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The Right Things to Know About Wrongful Death


According to the South Florida Sun Sentinel, a judge has determined that a Florida father is not liable in a wrongful death lawsuit for two Tequesta teens’ disappearance at sea. This case pitted two respective sets of parents against each other after their 14-year-old sons vanished during a fishing trip back in July of 2015. The boys were last seen when they left that summer morning aboard an 18-foot, single-engine 1978 SeaCraft that was registered to the ex-wife of the man who has now been found not liable. The boys encountered a severe thunderstorm shortly after navigating off shore in the Atlantic and never returned. The lawsuit brought against the father and his former wife alleged that there were multiple negligent actions, including him undertaking a failed search for the boys. The judge ultimately disagreed with the contentions made against the father.

Eligibility for Wrongful Death in Florida

Losing a loved one is always difficult and this is especially true when your loved one’s untimely death is due to the actions of another person. In this situation, it can be tough to turn to focusing on your legal options, especially when you know no amount of money can bring your loved one back. While this train of thought is totally understandable, it is important to recognize that obtaining compensation from the parties responsible for the loss of your loved one can help ease some of the financial burden left by his or her absence.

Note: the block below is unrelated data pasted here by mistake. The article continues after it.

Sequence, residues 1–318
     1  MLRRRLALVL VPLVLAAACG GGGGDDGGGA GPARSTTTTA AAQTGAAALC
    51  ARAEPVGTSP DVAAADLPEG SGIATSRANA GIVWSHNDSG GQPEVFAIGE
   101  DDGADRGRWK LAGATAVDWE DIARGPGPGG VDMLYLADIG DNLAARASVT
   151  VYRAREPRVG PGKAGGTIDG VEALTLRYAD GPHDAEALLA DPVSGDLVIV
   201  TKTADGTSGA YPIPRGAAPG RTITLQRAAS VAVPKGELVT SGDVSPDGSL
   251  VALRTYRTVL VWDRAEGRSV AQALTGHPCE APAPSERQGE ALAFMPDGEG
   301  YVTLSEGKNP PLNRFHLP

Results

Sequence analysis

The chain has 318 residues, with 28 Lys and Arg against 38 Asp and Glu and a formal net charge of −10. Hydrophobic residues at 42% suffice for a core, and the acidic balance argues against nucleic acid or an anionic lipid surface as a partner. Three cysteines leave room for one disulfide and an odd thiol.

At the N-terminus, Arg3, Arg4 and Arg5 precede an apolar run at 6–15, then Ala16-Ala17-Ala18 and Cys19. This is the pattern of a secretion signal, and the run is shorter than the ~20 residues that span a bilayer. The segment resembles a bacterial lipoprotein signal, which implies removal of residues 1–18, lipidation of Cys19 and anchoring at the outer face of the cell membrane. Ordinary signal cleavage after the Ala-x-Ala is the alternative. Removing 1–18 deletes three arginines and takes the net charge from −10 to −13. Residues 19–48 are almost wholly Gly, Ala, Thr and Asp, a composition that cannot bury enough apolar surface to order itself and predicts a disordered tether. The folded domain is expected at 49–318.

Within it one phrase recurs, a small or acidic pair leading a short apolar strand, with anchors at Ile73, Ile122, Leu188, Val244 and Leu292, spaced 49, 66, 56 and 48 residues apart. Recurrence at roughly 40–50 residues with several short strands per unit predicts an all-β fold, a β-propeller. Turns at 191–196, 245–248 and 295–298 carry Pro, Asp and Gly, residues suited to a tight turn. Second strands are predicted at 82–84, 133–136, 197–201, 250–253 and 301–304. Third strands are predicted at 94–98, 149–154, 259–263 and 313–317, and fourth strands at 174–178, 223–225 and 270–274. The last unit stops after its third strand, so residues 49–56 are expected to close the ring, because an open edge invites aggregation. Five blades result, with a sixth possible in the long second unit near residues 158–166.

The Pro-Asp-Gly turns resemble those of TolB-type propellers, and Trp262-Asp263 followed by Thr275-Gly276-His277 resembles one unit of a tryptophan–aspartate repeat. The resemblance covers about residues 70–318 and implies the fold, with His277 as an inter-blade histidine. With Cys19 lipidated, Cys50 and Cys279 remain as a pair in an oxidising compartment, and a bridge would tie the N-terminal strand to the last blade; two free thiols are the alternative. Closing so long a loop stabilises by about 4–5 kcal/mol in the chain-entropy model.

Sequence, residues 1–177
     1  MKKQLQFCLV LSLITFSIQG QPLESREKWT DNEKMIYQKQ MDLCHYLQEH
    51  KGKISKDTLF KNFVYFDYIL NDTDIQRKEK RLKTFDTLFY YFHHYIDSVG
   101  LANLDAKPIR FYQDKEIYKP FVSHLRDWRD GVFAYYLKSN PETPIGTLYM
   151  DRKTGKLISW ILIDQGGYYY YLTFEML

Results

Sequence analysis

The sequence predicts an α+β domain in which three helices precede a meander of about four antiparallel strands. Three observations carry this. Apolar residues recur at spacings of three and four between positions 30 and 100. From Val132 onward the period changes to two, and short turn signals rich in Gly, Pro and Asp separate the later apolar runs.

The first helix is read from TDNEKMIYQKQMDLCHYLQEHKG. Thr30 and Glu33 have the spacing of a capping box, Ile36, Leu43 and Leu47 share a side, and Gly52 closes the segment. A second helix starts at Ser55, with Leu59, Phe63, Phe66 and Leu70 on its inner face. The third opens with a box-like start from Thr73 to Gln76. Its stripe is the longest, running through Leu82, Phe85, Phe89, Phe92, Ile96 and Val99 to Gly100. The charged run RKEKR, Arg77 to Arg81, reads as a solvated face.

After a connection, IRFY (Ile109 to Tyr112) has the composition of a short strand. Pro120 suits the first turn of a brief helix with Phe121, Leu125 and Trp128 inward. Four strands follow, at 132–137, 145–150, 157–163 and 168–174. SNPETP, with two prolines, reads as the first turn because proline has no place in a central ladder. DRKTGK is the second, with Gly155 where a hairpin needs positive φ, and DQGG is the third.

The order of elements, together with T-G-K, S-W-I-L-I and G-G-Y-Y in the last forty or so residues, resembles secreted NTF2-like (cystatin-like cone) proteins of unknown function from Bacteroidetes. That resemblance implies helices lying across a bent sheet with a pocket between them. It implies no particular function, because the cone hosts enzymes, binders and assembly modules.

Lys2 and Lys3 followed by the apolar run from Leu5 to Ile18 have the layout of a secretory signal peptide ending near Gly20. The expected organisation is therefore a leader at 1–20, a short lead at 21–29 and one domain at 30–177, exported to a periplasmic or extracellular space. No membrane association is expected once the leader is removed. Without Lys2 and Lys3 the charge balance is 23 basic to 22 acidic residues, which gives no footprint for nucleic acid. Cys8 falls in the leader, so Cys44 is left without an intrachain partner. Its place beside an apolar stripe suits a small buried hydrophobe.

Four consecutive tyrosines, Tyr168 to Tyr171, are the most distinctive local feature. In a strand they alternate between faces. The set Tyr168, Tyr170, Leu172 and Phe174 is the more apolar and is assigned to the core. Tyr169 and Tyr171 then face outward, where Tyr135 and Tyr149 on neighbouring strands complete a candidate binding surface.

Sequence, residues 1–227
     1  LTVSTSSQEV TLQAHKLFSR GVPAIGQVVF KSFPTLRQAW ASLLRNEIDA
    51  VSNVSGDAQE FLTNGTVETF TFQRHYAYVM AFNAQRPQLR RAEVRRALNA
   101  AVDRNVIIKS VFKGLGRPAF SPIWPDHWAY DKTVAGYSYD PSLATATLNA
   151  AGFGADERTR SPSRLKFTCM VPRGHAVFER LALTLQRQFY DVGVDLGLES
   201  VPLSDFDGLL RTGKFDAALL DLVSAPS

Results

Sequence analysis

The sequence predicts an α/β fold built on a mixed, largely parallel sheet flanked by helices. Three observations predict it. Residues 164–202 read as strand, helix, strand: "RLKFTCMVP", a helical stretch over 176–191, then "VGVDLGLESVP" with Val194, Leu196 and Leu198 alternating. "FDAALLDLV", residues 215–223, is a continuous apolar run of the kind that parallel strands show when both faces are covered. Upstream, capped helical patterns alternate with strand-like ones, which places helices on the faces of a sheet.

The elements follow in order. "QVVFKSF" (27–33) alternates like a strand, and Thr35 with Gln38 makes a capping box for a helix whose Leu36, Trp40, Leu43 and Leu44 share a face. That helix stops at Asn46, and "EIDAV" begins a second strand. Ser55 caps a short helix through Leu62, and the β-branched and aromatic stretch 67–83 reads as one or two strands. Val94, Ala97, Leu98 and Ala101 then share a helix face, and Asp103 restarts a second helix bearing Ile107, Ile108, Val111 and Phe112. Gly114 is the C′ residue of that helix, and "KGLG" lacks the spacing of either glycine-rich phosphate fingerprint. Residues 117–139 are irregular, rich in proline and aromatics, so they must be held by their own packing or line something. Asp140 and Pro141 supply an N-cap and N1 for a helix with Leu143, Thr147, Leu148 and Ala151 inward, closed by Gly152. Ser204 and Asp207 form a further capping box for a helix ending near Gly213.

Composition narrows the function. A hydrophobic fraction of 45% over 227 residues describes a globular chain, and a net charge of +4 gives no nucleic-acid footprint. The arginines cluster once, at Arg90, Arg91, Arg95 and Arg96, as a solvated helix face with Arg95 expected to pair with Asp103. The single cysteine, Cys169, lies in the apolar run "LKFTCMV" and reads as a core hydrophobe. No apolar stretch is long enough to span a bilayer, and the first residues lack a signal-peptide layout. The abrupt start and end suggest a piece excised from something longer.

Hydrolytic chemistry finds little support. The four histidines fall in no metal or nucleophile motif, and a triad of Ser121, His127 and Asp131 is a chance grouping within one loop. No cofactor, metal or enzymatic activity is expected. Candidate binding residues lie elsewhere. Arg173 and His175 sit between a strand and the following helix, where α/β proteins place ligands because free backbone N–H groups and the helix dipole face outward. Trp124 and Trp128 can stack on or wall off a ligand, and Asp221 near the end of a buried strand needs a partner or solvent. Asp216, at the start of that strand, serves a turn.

In the Sunshine State, a wrongful death happens when another person’s breach of contract, negligence, default or misconduct leads to the death of someone else. The law stipulates that certain specified parties can bring a wrongful death lawsuit (via the personal representative of the deceased person’s estate) as the legally designated survivors against an applicable party when one of these tragic circumstances occurs. The classes of people who may bring such a claim are designated family members that include:

  • The spouse, children, and parents of the person who passed away, and
  • Any blood relative or adoptive sibling who depended on the person who died, at least partially, for support or services.

While survivors should take time to grieve, it should not be overlooked that there are time limits imposed by law for pursuing legal options for these tragedies. In general, a wrongful death claim must be filed within two years of the date of death.

Have You Lost a Loved One in a Wrongful Way?

If you are a surviving family member of someone who has died due to what you believe was the wrongful action of someone else, you should reach out to an experienced wrongful death attorney as soon as possible. As the  South Florida wrongful death attorneys at Leifer & Ramirez, we have years of experience working with accident victims and their families in order to get them the compensation they deserve. If you place your trust in us, you will have an experienced professional by your side from the beginning to the end to guide you and help you. Contact us today to begin with a free consultation.


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